"If you don't have the time to read, you don't have the time or the tools to write."
In 1999, Stephen King began to write about his craft -- and his life. By midyear, a widely reported accident jeopardized the survival of both. And in his months of recovery, the link between writing and living became more crucial than ever.
Rarely has a book on writing been so clear, so useful, and so revealing. On Writing begins with a mesmerizing account of King's childhood and his uncannily early focus on writing to tell a story. A series of vivid memories from adolescence, college, and the struggling years that led up to his first novel, Carrie, will afford readers a fresh and often very funny perspective on the formation of a writer. King next turns to the basic tools of his trade -- how to sharpen and multiply them through use, and how the writer must always have them close at hand. He takes the reader through crucial aspects of the writer's art and life, offering practical and inspiring advice on everything from plot and character development to work habits and rejection.
Serialized in the New Yorker to vivid acclaim, On Writing culminates with a profoundly moving account of how King's overwhelming need to write spurred him toward recovery, and brought him back to his life.
Brilliantly structured, friendly and inspiring, On Writing will empower -- and entertain -- everyone who reads it.
About the Author
Fiction powerhouse Stephen Edwin King was born in Portland, Maine, in 1947. As a student at the University of Maine at Orono, he wrote a weekly column for the school newspaper, became active in political causes, and met his wife, the former Tabitha Spruce. In the early years of his marriage, King augmented his meager teacher's salary by selling short stories to men's magazines. Then, in 1973 he hit pay dirt: his novel Carrie was accepted for publication, and a major paperback deal provided the means for him to leave teaching and concentrate full-time on writing. Since then, the prolific author has never looked back.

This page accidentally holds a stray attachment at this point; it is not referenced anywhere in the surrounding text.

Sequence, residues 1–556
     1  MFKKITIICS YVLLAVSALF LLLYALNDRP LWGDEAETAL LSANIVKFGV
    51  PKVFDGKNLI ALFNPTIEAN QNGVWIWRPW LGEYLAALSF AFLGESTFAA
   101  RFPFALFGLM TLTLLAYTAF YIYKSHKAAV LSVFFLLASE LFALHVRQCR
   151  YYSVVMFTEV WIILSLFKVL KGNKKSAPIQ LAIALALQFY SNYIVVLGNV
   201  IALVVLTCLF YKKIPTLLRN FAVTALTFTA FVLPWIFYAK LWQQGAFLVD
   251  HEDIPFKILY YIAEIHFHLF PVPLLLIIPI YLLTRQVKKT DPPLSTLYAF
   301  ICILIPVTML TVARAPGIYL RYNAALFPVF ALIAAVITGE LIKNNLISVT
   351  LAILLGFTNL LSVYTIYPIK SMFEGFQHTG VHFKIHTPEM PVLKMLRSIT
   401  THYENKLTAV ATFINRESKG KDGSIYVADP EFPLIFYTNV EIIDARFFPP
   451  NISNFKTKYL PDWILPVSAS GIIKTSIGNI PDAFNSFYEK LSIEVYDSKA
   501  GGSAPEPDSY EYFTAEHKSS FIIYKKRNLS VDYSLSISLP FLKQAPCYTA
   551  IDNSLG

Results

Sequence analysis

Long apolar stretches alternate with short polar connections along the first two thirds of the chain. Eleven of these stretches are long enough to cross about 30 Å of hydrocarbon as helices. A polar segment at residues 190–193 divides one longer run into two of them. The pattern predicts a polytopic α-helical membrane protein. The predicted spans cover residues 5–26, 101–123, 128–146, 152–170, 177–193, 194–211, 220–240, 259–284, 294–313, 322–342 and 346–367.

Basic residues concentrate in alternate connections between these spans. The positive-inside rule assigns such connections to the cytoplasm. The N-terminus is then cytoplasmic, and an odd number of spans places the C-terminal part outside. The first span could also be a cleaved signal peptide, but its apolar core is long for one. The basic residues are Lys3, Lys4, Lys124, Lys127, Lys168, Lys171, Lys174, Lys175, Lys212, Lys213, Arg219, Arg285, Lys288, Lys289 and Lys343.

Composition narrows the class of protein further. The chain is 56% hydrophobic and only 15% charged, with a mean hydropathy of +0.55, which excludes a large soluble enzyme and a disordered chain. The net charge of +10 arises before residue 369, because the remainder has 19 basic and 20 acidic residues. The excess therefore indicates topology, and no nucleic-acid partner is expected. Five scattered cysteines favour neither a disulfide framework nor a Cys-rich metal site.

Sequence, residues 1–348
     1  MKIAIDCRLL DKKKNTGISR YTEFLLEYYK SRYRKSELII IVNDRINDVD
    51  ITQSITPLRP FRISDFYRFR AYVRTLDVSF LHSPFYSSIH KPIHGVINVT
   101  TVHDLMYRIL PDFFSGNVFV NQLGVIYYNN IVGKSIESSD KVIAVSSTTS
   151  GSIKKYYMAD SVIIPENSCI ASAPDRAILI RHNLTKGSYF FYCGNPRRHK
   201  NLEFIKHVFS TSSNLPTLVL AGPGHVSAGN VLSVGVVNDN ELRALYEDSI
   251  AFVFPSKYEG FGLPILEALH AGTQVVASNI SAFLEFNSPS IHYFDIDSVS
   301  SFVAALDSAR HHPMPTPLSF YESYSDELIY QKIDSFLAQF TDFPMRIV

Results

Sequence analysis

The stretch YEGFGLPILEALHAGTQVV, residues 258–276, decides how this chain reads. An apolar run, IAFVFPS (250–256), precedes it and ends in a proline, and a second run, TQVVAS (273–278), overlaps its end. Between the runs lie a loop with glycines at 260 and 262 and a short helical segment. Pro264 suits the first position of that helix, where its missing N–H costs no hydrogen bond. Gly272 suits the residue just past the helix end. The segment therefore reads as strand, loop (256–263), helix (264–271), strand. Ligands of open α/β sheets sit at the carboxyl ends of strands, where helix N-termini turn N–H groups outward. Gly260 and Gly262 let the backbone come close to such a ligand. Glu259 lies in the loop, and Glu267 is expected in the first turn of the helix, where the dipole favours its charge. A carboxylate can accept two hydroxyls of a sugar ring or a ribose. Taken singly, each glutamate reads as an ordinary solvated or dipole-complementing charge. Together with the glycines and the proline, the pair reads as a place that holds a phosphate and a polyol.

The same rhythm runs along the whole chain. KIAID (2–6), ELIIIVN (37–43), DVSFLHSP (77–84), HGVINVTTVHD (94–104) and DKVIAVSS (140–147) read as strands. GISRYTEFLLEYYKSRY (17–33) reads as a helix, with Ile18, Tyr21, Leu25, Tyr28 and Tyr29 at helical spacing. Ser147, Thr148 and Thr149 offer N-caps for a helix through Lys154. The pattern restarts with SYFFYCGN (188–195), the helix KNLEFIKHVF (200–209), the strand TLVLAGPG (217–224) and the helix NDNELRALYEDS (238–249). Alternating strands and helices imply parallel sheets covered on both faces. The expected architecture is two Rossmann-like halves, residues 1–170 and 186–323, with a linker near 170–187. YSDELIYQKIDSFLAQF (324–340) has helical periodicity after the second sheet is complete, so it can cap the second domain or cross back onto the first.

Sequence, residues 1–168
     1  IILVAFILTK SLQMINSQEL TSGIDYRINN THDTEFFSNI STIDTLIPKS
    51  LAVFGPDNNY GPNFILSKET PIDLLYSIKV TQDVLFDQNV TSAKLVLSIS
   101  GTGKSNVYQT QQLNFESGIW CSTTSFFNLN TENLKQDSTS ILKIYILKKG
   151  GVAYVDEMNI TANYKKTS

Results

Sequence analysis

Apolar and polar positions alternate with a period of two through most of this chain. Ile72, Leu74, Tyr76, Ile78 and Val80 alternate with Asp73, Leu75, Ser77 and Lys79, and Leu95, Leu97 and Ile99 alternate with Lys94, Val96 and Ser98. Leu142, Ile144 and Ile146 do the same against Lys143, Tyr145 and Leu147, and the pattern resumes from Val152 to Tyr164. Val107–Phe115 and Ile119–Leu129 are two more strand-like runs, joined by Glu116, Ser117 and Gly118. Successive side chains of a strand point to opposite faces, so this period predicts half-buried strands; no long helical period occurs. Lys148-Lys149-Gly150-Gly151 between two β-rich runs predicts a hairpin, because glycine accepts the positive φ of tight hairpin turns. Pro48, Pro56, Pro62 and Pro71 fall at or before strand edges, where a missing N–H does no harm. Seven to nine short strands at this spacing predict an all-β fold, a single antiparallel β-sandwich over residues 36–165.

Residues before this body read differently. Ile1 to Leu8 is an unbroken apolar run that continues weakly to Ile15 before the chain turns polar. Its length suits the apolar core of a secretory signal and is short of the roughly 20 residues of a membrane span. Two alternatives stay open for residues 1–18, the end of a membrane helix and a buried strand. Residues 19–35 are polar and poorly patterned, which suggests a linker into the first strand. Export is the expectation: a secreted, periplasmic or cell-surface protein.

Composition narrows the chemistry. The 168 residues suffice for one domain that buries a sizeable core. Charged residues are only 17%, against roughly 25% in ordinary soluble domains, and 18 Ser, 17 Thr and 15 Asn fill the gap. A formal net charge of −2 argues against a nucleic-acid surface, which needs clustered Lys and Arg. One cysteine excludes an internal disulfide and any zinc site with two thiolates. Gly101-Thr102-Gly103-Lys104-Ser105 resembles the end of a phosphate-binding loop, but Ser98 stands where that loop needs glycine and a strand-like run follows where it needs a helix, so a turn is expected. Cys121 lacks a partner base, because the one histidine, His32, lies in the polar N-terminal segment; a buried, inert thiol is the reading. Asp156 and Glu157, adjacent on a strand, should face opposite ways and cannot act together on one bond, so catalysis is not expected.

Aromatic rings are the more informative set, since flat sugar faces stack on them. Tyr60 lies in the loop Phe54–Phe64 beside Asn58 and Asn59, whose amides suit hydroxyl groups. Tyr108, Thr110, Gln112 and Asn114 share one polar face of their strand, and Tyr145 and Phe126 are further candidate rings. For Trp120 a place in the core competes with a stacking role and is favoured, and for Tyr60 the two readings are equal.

Dubbed the Master of the Macabre for his domination of the horror genre, King has also written bestselling thrillers, mysteries, fantasies, novellas, and short stories, many of which have been turned into blockbuster films and miniseries (A partial list includes Carrie, The Shining, The Stand,, Misery, It, The Shawshank Redemption, The Langoliers, Stand by Me, and The Green Mile). He also has two works of nonfiction to his credit: a gorgeously crafted memoir/scribbler's how-to (On Writing) and Faithful, a chronicle of the Boston Red Sox' stellar 2004 season, cowritten with Stewart O'Nan. In 2003, he received the National Book Foundation Medal for Distinguished Contribution to American Letters.
In between books, the indefatigable King performs in the Rock Bottom Remainders, a rock band that includes among its rotating personnel fellow authors Dave Barry and Amy Tan; attends as many Boston Red Sox games as is humanly possible; and contributes with his wife, Tabitha, to many local and national charities.
"A one-of-a-kind classic."--"The Wall Street Journal" ""On Writing" had more useful and observant things to say about the craft than any book since Strunk and White's "The Elements of Style"."--Roger Ebert "This is a special book, animated by a unique intelligence, and filled with useful truth."--Michael Chabon "The best book on writing. Ever."--"The Plain Dealer" (Cleveland)